Even if global warming does cause coral bleaching due to increased ocean temperatures, it does not necessarily mean coral death. This is because if conditions return to normal, corals can regain their zooxanthallae, return to their normal colour and survive. However, this stress is likely to cause decreased coral growth and reproduction, and increased susceptibility to disease (GBMP Authority, 2011). That being said, those corals that associated with a greater abundance of symbionts were more susceptible to thermal bleaching. Thus if nutrient pollution causes higher densities of zooxanthellae, coral bleaching would be exacerbated (Cunning, 2013).

To conclude, it would appear that global warming causes the seas to warm which results in a reduction in zooxanthellae, resulting in coral death. However it is unclear if global warming is directly responsible for coral death or if other factors are at play also.

Increased CO2

Warming of the seas is not the only other effect of global warming. C​​arbon dioxide dissolves in sea water and is absorbed by phytoplankton and used during photosynthesis. When these organisms die, they sink to the ocean floor, removing huge amounts of CO2 from the ocean surface and act as an effective carbon sink. However, levels of CO2 in the oceans are increasing, and the oceans are slowly reaching saturation point. This is worsened by the way CO2 dissolves more readily into cold water than warm water, because sea surface temperatures are also rising (Griffin, 2011). Increased atmospheric carbon dioxide reacts with sea water and causes its acidification, which may influence the calcium carbonate precipitation of corals (Njegić Džakula, 2014).

Conclusion

As Njegić Džakula (2014) stated, “an accurate evaluation of global warming effects on corals requires the knowledge of coral biomineralization processes that is still poorly understood”. Thus, further research is required to see the effects of climate change on coral and how they can be reversed. It must be remembered though, that the populations of countries with higher levels of economic development have greater adaptively and resources to help stop coral reef degradation, thus countries will have to pool their resources to solve this (Abdullah, 2013).

References

Abdullah, S. (2013), ‘3.4 The Risks of Global Warming to Coral Reef Ecosystems’, World Social Science Report 2013, Available at http://www.oecdbookshop.org/oecd/display.asp?lang=EN&sf1=identifiers&st1=5k43jt1wr17d (Accessed: 09/02/14).

Cho, R. (2011), ‘Losing Our Coral Reefs’, State of the Planet, Available at http://blogs.ei.columbia.edu/2011/06/13/losing-our-coral-reefs/ (Accessed: 19/02/14).

Cunning, R. ‘The Role of Algal Symbiont Community Dynamics in Reef Coral Responses to Global Climate Change’, Open Access Dissertations, Paper 1134, Available at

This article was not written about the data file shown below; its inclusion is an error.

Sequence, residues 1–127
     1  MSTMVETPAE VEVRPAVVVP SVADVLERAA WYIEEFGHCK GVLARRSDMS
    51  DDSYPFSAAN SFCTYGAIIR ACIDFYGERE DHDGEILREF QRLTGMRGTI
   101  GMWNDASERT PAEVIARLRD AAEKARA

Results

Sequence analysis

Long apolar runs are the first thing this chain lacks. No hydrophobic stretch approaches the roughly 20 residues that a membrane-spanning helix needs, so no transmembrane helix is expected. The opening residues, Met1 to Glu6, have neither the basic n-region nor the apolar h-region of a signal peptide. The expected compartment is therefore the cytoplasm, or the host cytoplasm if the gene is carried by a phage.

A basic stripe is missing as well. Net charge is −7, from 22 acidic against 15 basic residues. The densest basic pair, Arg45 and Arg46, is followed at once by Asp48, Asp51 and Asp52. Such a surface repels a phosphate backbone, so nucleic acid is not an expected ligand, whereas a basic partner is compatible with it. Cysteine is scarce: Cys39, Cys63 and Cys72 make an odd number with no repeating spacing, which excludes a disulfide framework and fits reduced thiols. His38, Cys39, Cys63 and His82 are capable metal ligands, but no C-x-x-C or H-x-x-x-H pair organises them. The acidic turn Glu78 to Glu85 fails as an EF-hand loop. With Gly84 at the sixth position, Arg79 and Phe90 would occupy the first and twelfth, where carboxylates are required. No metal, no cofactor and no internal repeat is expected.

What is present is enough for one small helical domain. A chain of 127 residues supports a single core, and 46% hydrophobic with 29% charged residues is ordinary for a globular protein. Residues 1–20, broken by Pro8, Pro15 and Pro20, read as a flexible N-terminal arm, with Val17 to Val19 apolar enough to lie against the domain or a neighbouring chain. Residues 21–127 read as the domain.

http://scholarlyrepository.miami.edu/oa_dissertations/1134 (Accessed: 09/02/14).

Great Barrier Reef Marine Park (GBRMP) Authority (2011), Coral Bleaching, Available at http://www.gbrmpa.gov.au/outlook-for-the-reef/climate-change/what-does-this-mean-for-species/corals/what-is-coral-bleaching (Accessed: 09/02/14).

Griffin, J. (2011), ‘Global Warming: A Storm in a Teacup?’, Climate Science Library, Available at http://www.climateemergencyinstitute.com/teacup_griffin.html (Accessed: 09/02/14).

Hawkins, T. and Davy, S. (2012), ‘Nitric Oxide Production and Tolerance Differ Among Symbiodinium Types Exposed to Heat Stress’, Plant and Cell Physiology, Volume 53 (issue 11), pages 1889-1898, Available at http://pcp.oxfordjournals.org/content/53/11/1889.full (Accessed: 09/02/14).

National Oceanic and Atmospheric Administration (NOAA) (2011), Symbiotic Algae, Available at http://coralreef.noaa.gov/aboutcorals/coral101/symbioticalgae/ (Accessed: 09/02/14).

Njegić Džakula, B., Falini, G. and King, D. (2014), ‘Influence of Natural Acidic Macromolecules Extracted from Sea Corals on Calcium Carbonate Precipitation’, The 22nd Croatian-Slovenian Crystallographic Meeting: York, Available at http://www.irb.hr/eng/Research/Divisions-and-Centers/Division-of-Materials-Chemistry/Laboratory-for-Precipitation-Processes/Effect-of-natural-acidic-macromolecules-on-calcium-carbonate-precipitation (Accessed: 09/02/14).

Williams, G., Price, N., Ushijima, B., Aeby, G., Callahan, S., Davy, S., Gove, J., Johnson, M., Knapp, I., Shore-Maggio, A., Smith, J., Videau, P. and Work, T. (2014), ‘Ocean Warming and Acidification have Complex Interactive Effects on the Dynamics of a Marine Fungal Disease’, Proceedings of the Royal Society of Biological Sciences, Volume 281, Available at http://rspb.royalsocietypublishing.org/content/281/1778/20133069.short (Accessed: 09/02/14).

More by this Author


Comments

No comments yet.

    Sign in or sign up and post using a HubPages Network account.

    0 of 8192 characters used
    Post Comment

    No HTML is allowed in comments, but URLs will be hyperlinked. Comments are not for promoting your articles or other sites.


    Click to Rate This Article
    working